Inducing articular cartilage phenotype in costochondral cells
- Author(s): Murphy, Meghan K;
- DuRaine, Grayson D;
- Reddi, A;
- Hu, Jerry C;
- Athanasiou, Kyriacos A
- et al.
Published Web Locationhttp://dx.doi.org/10.1186/ar4409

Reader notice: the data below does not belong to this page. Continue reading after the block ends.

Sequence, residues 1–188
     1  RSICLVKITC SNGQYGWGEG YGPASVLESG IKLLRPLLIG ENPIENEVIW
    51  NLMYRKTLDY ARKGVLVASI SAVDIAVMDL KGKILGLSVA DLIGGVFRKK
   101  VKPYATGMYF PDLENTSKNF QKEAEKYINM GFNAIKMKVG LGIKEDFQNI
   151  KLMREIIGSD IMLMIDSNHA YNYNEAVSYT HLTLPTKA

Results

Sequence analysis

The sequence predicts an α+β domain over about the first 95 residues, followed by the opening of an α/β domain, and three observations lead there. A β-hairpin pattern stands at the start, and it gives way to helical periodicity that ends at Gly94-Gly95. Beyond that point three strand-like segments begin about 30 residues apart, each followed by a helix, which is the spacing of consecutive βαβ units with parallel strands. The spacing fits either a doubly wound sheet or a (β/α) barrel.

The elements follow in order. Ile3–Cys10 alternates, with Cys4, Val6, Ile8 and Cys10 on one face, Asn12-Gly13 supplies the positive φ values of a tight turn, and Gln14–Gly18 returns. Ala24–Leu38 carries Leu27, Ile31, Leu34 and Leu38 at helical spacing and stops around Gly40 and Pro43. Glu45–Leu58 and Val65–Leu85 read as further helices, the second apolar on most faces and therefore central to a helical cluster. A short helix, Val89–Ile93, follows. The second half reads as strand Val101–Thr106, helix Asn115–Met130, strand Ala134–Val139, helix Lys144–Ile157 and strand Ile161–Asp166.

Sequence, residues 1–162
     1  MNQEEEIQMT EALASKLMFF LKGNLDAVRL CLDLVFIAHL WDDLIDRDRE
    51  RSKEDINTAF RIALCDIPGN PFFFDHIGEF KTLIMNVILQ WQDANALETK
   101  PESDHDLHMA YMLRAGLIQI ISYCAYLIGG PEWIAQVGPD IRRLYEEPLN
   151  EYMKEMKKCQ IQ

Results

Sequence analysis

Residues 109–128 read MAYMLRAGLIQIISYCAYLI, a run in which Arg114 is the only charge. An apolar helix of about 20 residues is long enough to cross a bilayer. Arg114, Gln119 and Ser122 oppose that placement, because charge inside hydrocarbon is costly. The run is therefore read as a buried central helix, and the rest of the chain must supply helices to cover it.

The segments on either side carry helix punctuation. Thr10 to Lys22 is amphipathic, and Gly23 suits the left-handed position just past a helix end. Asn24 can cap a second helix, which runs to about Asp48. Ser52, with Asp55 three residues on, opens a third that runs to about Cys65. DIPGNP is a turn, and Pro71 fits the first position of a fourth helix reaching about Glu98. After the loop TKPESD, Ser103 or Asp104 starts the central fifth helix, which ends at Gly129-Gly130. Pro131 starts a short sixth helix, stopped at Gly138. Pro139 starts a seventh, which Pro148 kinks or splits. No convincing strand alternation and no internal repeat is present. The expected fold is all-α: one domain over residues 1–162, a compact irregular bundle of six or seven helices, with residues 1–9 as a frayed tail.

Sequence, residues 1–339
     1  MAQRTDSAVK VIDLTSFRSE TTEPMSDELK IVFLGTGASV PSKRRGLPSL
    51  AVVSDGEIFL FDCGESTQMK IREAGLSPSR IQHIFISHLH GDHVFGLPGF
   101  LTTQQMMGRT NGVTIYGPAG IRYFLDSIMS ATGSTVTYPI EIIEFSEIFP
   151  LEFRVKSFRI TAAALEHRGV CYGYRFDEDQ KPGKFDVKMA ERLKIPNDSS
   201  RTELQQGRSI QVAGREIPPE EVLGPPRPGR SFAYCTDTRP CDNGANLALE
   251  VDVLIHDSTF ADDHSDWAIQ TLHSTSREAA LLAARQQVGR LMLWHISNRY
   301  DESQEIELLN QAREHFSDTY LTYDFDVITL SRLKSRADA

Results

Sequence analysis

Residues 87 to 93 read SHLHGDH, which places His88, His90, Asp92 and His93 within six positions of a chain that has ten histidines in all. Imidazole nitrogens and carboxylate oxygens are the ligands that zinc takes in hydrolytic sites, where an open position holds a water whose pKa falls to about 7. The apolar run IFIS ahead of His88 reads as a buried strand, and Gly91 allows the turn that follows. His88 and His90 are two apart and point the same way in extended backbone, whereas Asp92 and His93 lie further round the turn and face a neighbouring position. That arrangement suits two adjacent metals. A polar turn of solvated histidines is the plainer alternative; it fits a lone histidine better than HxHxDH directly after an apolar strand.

Abstract Introduction Costochondral cells may be isolated with minimal donor site morbidity and are unaffected by pathologies of the diarthrodial joints. Identification of optimal exogenous stimuli will allow abundant and robust hyaline articular cartilage to be formed from this cell source. Methods In a three factor, two level full factorial design, the effects of hydrostatic pressure (HP), transforming growth factor β1 (TGF-β1), and chondroitinase ABC (C-ABC), and all resulting combinations, were assessed in third passage expanded, redifferentiated costochondral cells. After 4 wks, the new cartilage was assessed for matrix content, superficial zone protein (SZP), and mechanical properties. Results Hyaline articular cartilage was generated, demonstrating the presence of type II collagen and SZP, and the absence of type I collagen. TGF-β1 upregulated collagen synthesis by 175% and glycosaminoglycan synthesis by 75%, resulting in a nearly 200% increase in tensile and compressive moduli. C-ABC significantly increased collagen content, and fibril density and diameter, leading to a 125% increase in tensile modulus. Hydrostatic pressure increased fibril diameter by 30% and tensile modulus by 45%. Combining TGF-β1 with C-ABC synergistically increased collagen content by 300% and tensile strength by 320%, over control. No significant differences were observed between C-ABC/TGF-β1 dual treatment and HP/C-ABC/TGF-β1. Conclusions Employing biochemical, biophysical, and mechanical stimuli generated robust hyaline articular cartilage with a tensile modulus of 2 MPa and a compressive instantaneous modulus of 650 kPa. Using expanded, redifferentiated costochondral cells in the self-assembling process allows for recapitulation of robust mechanical properties, and induced SZP expression, key characteristics of functional articular cartilage.